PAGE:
The country went to hell in a hand basket when Abraham Lincoln was President-elect. A veteran politician whose career included service in both houses of Congress, Ambassador to Russia, and Secretary of State in the Polk Administration (having first declined appointment to the Supreme Court), the outgoing President James Buchanan was singularly ineffective as Chief Executive. From the very start of his Presidency, he announced that he would not be seeking re-election and hoped the Supreme Court would settle the great issues of state. On his watch the economy collapsed in the Panic of 1857, a military attempt at regime change in Mormon Utah was a miserable failure, and the border was literally afire over the future of slavery in the western territories.
Refusing to take any action in the four months between Lincoln's election and first inaugural to stem the tide of southern states falling like dominoes out of the Union, Buchanan believed that secession was illegal but also that nothing could be legally done by the federal government to prevent it. He reorganized a lame duck cabinet of conservative Democrats who were nonetheless strong nationalists but to no avail. Seven states left the union before he left office. Buchanan is remembered today as the lamest of lame ducks, and his single, disastrous term in office as one of the very worst American presidencies.
The lame duck Congress in the winter of 1860-1861 was severely hamstrung as well. The Crittenden Compromise called for an impractical suite of Constitutional amendments to keep the Union together that satisfied no one. Radical Republicans who would control both houses in the new session of Congress refused to undermine their new mandate in the old one. The fire-eaters of the Deep South refused to attend a Peace Convention hosted by Virginia and attended by representatives of the Upper South and the Northern states.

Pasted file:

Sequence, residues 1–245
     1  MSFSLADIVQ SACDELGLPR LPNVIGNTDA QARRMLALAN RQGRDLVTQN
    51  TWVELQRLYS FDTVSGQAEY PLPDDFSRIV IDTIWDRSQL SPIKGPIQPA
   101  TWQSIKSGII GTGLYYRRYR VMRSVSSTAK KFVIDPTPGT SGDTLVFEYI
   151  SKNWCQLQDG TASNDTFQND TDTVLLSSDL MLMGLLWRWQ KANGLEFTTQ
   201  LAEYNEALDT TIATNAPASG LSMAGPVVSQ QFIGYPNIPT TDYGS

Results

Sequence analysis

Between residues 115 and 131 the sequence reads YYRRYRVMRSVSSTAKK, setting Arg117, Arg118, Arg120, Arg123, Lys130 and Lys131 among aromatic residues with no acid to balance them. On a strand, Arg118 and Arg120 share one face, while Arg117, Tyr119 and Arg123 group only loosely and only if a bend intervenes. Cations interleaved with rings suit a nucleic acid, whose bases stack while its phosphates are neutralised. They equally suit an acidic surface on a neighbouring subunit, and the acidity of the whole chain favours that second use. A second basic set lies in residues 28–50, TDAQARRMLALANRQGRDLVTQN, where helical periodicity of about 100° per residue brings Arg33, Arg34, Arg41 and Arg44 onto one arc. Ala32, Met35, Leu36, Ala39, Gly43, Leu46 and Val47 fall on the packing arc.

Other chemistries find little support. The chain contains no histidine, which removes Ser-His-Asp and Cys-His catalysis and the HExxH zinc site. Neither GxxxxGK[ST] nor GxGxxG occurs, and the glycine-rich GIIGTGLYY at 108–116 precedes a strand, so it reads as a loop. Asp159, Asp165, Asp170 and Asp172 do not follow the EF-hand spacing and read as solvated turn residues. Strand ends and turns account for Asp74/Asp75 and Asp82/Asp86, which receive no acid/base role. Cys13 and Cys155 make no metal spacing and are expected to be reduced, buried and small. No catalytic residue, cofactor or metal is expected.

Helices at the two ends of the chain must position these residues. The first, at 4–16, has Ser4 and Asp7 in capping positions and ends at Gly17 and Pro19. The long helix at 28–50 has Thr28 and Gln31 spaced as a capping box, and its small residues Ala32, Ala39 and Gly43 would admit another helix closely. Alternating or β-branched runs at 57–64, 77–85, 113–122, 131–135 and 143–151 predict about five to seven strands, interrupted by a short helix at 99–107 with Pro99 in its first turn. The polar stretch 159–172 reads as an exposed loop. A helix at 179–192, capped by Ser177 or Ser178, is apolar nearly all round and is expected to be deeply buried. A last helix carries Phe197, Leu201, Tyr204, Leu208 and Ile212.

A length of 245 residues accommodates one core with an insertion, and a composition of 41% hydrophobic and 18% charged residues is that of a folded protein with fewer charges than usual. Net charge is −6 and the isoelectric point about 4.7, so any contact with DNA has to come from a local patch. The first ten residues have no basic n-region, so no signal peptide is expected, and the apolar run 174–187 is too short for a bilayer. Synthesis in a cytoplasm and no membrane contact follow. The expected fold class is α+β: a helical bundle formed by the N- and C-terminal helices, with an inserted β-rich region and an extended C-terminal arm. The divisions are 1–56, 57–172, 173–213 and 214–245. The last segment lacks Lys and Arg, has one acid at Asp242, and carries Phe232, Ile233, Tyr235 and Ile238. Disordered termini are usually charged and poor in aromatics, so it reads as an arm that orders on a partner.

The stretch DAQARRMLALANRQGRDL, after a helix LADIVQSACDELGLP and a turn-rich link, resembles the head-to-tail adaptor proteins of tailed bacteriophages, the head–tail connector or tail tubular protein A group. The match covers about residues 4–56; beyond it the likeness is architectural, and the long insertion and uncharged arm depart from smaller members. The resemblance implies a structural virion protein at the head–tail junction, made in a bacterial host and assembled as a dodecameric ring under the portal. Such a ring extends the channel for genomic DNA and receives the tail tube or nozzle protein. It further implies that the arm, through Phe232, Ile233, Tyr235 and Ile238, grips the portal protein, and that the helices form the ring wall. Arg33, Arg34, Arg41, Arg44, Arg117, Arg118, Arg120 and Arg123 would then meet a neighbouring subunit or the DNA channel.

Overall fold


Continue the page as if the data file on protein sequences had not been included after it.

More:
Lincoln had a long period as president-elect at precisely the moment when firm and decisive leadership was needed. It is not certain that he could have prevented the split had he taken the reigns of government any earlier - his election and what it represented to Southern interests was all the justification South Carolina required to declare for secession six weeks later - but with no one at the wheel the crisis could only deepen. For his part, Lincoln spent nearly a fortnight traveling through the north on his way to Washington, stopping along the way and introducing himself to the people and gaging their mood. He had not personally campaigned for their votes, but as historian Larry D. Mansch writes ; "he would, in essence, campaign after his election." It is well known that he selected a cabinet of his political adversaries, but perhaps less so that the eloquent words most often quoted from his inaugural address -the mystic chords of memory and the better angels of our nature - come only at the finish. For the rest, he sounds more like a defense lawyer arguing a losing case before a jury than a chief executive steering a course through adversity that the country could follow.
There was no play book for such unprecedented challenges. Lincoln was feeling his way, drawing on his instinct, intellect and common touch to find first political and then military strategies that would serve to save the country. Buchanan possessed no such assets, and was overwhelmed by events that tore the country apart.
Compared to these times and trials, the financial chaos and foreign and domestic policy challenges that await the current president-elect are nowhere near such calamities. The Bush administration is not passively packing up shop, though it is hard to imagine what it has in its power to do to mitigate a situation years in the making in a few short weeks before Obama's election. Historywill not be kind to George W. Bush - he is unlikely to look as good 60 years later as Eisenhowerer does today - but he is no James Buchanan. Whether the next president to come to Washington from Illinois will have the legacy and impact as the first to do so is not going to be decided anytime soon. The most that can be said at this time is that it probably helps that he will not have to wait until March to be sworn into office.